Acquaintance Rape: The Crime No One Talks About

Can we talk candidly about acquaintance rape today? For years, I have written to media outlets all over this nation begging them to do more stories on this topic. You see, this crime is a real danger for women on college campuses, or those looking for love on an Internet dating site. Few folks want to talk about it, but it is so easy to avoid.

Let’s back up. It’s been three years, since convicted rapist Jeffrey Marsalis made headlines when he was sentenced to life in prison on June 30, 2009. “He’s the poster boy for date rape…,” said Idaho’s Blaine County prosecuting attorney Jim Thomas when I spoke with him by phone back then.

Authorities will probably never know how many victims the unemployed paramedic drugged and then assaulted. According to media reports in January 2006, Marsalis was originally found not guilty in a Philadelphia courtroom in cases involving three of his accusers.

During a second Philadelphia trial in June 2007, seven more females accused him of rape. Six of the victims reported meeting Marsalis through an online dating service. This boy-next-door-looking predator posed as a doctor, an astronaut and even a CIA agent to have an opportunity to meet his unsuspecting victims.

Prosecuting attorney Jim Thomas advises women to “be wary of people making claims  online of who they are and their background.” He cautions that predators like Marsalis can much more readily assume false histories with the advent of the Internet.

Like the success of the Internet, women have also come a long way professionally. Among the ten female plaintiffs in the Philadelphia trials, there was a pharmacist, an accountant, and even a lawyer. Yet the second verdict failed to convict Marsalis of even one rape, but did find him guilty of the lesser charge of sexual assault in two of the cases, and of one count of unlawful restraint.

Maybe that’s why, “fewer than 5 percent of college women who are victims of rape or attempted rape report it to police,” fearing they will not be believed.  This is particularly tragic, since it’s estimated that “90 percent of…victims know their assailant.” These statistics can be found in the article, “Acquaintance Rape of College Students,” authored by Rana Simpson.

Not long ago, this type of crime was identified solely as date rape, but that terminology is too specific, because the perpetrator is not necessarily a dating partner. Therefore, the term acquaintance rape is often used to define this sexual violation which seems rampant on college campuses.

Some universities are now aggressively addressing this issue through preventive education. Often though, this knowledge comes too late, since female students are most vulnerable to violation during the first few days of their freshman year.

For example, another study of 119 colleges reported that “one in twenty college women reported being raped during the school year…” This study also indicated that “… [almost] 75 percent of the victims [in campus cases] said they were intoxicated when the assault occurred.”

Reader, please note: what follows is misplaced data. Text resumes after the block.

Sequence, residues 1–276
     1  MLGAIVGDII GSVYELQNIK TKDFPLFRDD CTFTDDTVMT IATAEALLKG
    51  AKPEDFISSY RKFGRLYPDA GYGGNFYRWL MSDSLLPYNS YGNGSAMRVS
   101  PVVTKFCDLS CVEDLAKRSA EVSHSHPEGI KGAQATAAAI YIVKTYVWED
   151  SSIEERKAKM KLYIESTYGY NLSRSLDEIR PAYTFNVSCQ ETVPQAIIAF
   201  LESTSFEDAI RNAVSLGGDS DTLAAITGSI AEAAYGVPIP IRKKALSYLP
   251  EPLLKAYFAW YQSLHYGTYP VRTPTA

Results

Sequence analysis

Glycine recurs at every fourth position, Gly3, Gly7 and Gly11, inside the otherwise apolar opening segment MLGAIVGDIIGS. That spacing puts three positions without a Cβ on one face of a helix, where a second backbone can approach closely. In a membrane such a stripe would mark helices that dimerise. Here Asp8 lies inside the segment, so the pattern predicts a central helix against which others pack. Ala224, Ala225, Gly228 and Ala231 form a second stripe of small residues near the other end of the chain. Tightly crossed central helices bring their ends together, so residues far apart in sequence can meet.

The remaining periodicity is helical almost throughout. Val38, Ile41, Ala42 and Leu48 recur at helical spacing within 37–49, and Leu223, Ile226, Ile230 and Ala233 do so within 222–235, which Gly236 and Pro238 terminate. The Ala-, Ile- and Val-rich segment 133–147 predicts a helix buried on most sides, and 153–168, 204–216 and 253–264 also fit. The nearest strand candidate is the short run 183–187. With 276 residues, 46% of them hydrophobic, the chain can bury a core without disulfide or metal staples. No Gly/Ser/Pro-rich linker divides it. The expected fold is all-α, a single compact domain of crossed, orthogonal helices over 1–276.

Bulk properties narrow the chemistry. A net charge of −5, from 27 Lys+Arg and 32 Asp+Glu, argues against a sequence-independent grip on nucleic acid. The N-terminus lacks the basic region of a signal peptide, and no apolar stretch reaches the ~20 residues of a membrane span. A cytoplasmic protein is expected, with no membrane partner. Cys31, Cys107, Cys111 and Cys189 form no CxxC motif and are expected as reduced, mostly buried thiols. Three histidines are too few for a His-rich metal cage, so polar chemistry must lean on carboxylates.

Through my years as a journalist, I have listened to the traumatic accounts of females who have been victimized. I have heard the heart cry of sympathetic men who feel helpless in confronting the predators in their own gender; and researched facilitated- rape drugs like Ecstasy, Rohypnol, GHB and Ketamine.

Information from http://womenshealth.gov/publications/our-publications/fact-sheet/date-rape-drugs.cfm explains the danger of these predatory drugs. Alcohol can also be used as a predatory drug since it can “affect judgment and behavior,” according to this government Web site which states that, “even if the victim of sexual assault drank alcohol, she is not at fault for being assaulted.”

IF YOU NEED HELP VISIT THE NATIONAL SEXUAL ASSAULT ONLINE HOTLINE

Perhaps, the lack of a rape conviction in the Marsalis trials in Philadelphia was partially due to the fact that most of the women testified that they willingly met him for a date and had a couple of drinks. Despite the lack of a rape conviction, in October 2007, Judge Steven R. Geroff refused to minimize Marsalis’ crime, sentencing him to a total of up to 21 years in prison. “I was very impressed by the girls [female plaintiffs]….even though there were acquittals,” said Judge Geroff. “He [Marsalis] ruined so many lives, and he didn’t care,” added the Philadelphia judge explaining his rationale for handing down the maximum sentence on the two sexual assault charges.

“By the time he had been sentenced the [Philadelphia] victims felt some justice had been done,” commented special prosecutor Joseph Khan. Then more justice occurred when Marsalis was sentenced to life in prison being eligible for parole in 15 years for the 2005 rape of a former 21-year-old co-worker near Sun Valley,Idaho.

Prosecuting attorney Jim Thomas, who successfully won the Idaho rape conviction against Marsalis, admits that date/acquaintance rape cases “are one of the most difficult” to prosecute especially when alcohol is a factor. Yet in both Pennsylvania and Idaho, prosecutors refused to give up until Marsalis was behind bars leaving the world a safer place.

For too long, society has forced victims to embrace the shame induced code of silence, which perpetuates this crime. Yet following the example of the courageous Marsalis’ accusers and the dedicated prosecutors, it’s time to unite our voices to warn women everywhere.

Christina Ryan Claypool is the author of the book, “Seeds of Hope for Survivors.” She is a former two-term board member for the Ohio Coalition against Sexual Assault.

 

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